The very mention of his name struck fear into the hearts of his interviewees. For over fifty years, Mike Wallace defined journalistic television - disrupting TV's traditional, cosy chats and introducing a new tough-talking style with insistent questioning and an investigative eye for the truth.
Avi Belkin’s fascinating and entertaining documentary places his subject front and centre. Wallace, who died in 2012 at the age of 93, tells his own story and explores his own legacy thanks to an impressive use of archival footage. Meanwhile, the film features an effective framing structure - combining interviews with Wallace with his interrogations of others.
As a result, Mike Wallace Is Here is an immediate and gripping watch. The film traces Wallace’s career from his first use of the “tough question” in his 1950s interview show, Night Beat, through his news specials of the 1960s to his forty decade reign on CBS’s 60 Minutes.
Belkin examines how Wallace’s work and style changed television journalism - for better and, sometimes, for worse. The documentary hints at his bullying tactics but does not really explore his personal life and conduct beyond acknowledging his unpleasant behaviour as, perhaps, a necessary evil.
Nonetheless, it is fascinating to see interview tropes that are so familiar today take shape and consider the critical importance of a free press in society. At the beginning of the documentary, we hear Wallace talk about this issue.
“Take a look at the history of any nation which has lost its freedoms,” Wallace urges, “and you’ll find that the men who grabbed the power also had to crush the free press.” Words spoken many years ago could not feel more timely today.
To demonstrate Wallace’s talent for putting people on the spot, Belkin includes clips from some of his most iconic interviews - including Vladimir Putin, Malcolm X, Richard Nixon, Barbra Streisand, an 1980s-era Donald Trump, Bette Davis and the Ayatollah Khomeini to name but a few.
Of course, many of his interviewees did not take kindly to Wallace's interview style. In 1982, Wallace and CBS faced a significant libel lawsuit filed by retired US Army General William Westmoreland. Westmoreland disputed a report about his actions in Vietnam.
The case had far reaching implications. News organisations became wary of exposing individuals and corporations with deep pockets. For example, in 1996 CBS tried to kill a story about tobacco industry whistleblower, Dr Jeffrey Wigand, at the urging of cigarette manufacturer Brown & Williamson.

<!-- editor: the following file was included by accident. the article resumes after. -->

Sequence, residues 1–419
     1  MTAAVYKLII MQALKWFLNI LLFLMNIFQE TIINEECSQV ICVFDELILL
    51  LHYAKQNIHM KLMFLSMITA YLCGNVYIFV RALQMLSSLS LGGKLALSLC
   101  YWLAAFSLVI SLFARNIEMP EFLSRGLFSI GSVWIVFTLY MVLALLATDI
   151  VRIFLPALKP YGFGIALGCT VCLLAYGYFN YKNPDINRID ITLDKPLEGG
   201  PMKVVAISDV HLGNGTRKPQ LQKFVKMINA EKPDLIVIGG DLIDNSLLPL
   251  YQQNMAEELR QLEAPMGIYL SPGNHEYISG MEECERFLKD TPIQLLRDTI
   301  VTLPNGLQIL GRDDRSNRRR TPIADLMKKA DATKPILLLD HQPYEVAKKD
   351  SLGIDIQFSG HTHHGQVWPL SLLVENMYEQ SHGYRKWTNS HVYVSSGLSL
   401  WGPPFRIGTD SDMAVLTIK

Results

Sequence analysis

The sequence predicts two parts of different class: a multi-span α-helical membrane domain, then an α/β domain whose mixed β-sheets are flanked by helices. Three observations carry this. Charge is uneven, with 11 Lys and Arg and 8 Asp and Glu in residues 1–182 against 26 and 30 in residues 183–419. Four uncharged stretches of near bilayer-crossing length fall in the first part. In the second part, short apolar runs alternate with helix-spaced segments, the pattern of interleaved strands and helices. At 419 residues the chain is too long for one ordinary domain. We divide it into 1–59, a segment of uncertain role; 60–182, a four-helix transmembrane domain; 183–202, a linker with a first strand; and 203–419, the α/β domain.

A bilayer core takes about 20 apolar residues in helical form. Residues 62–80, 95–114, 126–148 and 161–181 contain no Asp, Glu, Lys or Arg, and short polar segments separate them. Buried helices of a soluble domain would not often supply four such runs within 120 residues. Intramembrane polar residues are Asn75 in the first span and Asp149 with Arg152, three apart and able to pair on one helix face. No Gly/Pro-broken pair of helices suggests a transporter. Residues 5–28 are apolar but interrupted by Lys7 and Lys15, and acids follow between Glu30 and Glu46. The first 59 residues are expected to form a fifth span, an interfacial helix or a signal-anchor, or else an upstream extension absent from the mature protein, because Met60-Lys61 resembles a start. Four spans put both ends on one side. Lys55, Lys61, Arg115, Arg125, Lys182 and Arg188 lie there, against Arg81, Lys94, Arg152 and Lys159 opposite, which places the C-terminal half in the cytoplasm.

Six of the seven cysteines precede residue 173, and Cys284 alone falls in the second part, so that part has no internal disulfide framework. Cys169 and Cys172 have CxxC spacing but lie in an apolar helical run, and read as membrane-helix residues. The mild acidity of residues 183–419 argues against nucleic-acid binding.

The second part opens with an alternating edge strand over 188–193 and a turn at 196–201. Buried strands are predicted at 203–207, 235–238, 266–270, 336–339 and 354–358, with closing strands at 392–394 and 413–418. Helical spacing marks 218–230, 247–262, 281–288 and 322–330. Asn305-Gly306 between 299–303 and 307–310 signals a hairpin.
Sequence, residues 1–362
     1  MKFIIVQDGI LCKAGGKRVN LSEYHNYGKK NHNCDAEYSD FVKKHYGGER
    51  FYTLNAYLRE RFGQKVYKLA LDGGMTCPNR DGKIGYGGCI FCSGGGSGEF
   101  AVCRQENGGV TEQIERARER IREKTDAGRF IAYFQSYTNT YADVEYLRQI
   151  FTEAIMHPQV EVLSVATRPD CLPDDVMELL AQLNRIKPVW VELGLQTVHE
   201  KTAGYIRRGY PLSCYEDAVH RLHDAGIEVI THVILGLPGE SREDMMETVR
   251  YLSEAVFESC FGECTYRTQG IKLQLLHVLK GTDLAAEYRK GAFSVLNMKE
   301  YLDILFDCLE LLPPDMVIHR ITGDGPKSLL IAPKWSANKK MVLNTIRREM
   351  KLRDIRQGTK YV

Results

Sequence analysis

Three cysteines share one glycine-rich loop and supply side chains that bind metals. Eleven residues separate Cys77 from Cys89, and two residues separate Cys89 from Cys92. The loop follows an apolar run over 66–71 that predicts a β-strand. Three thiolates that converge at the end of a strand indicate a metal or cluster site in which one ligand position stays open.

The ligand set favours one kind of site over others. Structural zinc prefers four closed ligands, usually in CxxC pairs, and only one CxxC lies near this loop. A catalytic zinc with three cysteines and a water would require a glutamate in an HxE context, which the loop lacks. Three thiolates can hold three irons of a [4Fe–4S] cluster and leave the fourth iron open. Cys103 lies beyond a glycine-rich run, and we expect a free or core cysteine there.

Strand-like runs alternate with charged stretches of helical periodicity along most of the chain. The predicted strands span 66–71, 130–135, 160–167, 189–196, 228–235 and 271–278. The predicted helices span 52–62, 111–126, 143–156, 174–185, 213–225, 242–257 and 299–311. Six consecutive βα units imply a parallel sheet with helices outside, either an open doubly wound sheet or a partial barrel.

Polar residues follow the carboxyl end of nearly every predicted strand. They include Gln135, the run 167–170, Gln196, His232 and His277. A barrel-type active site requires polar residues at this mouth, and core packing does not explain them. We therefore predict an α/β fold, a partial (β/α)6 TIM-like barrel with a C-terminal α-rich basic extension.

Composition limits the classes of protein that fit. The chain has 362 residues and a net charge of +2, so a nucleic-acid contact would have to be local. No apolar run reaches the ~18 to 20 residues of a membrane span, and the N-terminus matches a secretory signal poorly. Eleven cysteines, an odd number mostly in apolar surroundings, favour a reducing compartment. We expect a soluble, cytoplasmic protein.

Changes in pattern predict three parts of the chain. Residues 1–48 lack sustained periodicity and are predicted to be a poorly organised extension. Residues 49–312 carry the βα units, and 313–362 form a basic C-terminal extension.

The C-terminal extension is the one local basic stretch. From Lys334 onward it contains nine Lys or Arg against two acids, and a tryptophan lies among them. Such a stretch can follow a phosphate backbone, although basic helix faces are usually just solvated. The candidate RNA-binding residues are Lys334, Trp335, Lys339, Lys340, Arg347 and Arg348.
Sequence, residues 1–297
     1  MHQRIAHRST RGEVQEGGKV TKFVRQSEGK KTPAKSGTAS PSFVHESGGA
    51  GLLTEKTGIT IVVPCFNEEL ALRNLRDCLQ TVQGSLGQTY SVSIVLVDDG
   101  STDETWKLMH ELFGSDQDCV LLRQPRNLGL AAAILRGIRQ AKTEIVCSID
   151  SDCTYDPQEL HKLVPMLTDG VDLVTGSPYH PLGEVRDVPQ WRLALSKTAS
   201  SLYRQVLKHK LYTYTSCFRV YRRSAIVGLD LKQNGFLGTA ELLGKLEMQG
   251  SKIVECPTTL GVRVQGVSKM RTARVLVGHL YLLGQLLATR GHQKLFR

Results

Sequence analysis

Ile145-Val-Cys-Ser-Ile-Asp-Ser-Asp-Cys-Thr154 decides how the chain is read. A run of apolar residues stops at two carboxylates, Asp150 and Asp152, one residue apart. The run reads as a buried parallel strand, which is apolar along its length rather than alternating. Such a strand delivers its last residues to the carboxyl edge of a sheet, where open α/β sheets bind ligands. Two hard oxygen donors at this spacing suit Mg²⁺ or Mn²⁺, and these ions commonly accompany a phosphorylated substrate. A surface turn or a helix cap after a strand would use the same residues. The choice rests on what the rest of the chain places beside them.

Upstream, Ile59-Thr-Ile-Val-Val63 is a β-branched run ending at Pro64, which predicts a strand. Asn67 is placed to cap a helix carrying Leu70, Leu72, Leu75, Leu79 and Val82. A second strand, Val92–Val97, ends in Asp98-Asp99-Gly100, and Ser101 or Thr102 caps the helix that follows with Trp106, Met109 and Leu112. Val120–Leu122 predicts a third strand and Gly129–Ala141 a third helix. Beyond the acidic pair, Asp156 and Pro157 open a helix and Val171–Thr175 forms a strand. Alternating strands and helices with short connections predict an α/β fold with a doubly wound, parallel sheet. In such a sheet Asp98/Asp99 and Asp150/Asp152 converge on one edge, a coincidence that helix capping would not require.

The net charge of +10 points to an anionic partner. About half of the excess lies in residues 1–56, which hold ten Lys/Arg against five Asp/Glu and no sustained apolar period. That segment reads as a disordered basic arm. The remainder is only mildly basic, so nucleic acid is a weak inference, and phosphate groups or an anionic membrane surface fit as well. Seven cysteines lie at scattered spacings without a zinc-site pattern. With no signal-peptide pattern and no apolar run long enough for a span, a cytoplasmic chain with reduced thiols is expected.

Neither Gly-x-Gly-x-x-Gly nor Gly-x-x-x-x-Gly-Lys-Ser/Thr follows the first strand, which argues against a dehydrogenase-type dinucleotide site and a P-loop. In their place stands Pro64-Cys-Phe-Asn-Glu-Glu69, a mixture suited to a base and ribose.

“Mike said that the Westmoreland case and others like it intimidated the big corporations that owned networks, and he was right,” says Belkin. “The real intention in those cases was to deter other journalists. But Mike wasn’t going to take orders from anybody.”
Belkin began researching his film in 2016. He was given full access to the CBS vault - including thousands of hours of interviews and broadcast work and never-before-seen raw footage of some of his interviews. “This was the first time 60 Minutes and CBS News have ever opened their archives completely to an outside filmmaker,” the director explains. “I had my pick of over 50 years of unparalleled archival footage... it was a dream.”
In addition, Belkin investigated every place where Wallace had worked and gained access to material from the University of Texas at Austin and the University of Michigan. “UT-Austin had the black-and-white kinescopes of The Mike Wallace Interview that launched his hard-questioning style,” he says. “They had unbelievable footage, a real treasure trove of material that helped create the full arc of the film. Those materials really show how Mike invented the direct question as we know it today, and chronicle the emergence of the new ‘star journalist’ in Mike Wallace.”
Curating the footage was no easy feat. Belkin watched hundreds of hours of footage and read thousands of pages of printed transcripts - picking the toughest questions posed to Mike and his most revealing answers.
Belkin then repeated the process for the material where Wallace was the interviewer, noting the themes that connected to Wallace’s life. In this way, Mike Wallace Is Here is more than just a collection of archive interviews - it is an intimate exploration of a complicated man.
The documentary reveals the struggles in Wallace's professional and private life. While he created a tough and uncompromising persona, Wallace was also vulnerable - he suffered from depression and was haunted by industry slights concerning his background.
“He didn’t really come from a broadcast news background - he came from a performance background,” says Belkin. “Because of that disparity, his lack of formal education, he had a chip on his shoulder - and people with chips on their shoulder often work harder. Mike always felt like he had to prove himself.”
Wallace’s world was devastated in 1962 following the death of his oldest son, Peter. It is heartbreaking to hear Wallace describe how he found Peter’s body after he had fallen from a mountain in Greece. Grief prompted Wallace to reevaluate his life and his career.
“Mike turned the hard question on himself after Peter’s death,” Belkin explains. “He thought about the commercials he was doing and essentially said to himself, ‘What are you doing with your life?’ This is the moment where we see the real purpose of the hard question: to create a moment of reflection and truth that triggers a change for the better.”
Mike Wallace Is Here is both a compelling look at a complex and fascinating man and also an insightful exploration into the importance of high quality journalism. In the film we hear Wallace state that “a nation’s press is a good yardstick for a nation’s health”. Words, it feels, that we need to hear now more than ever.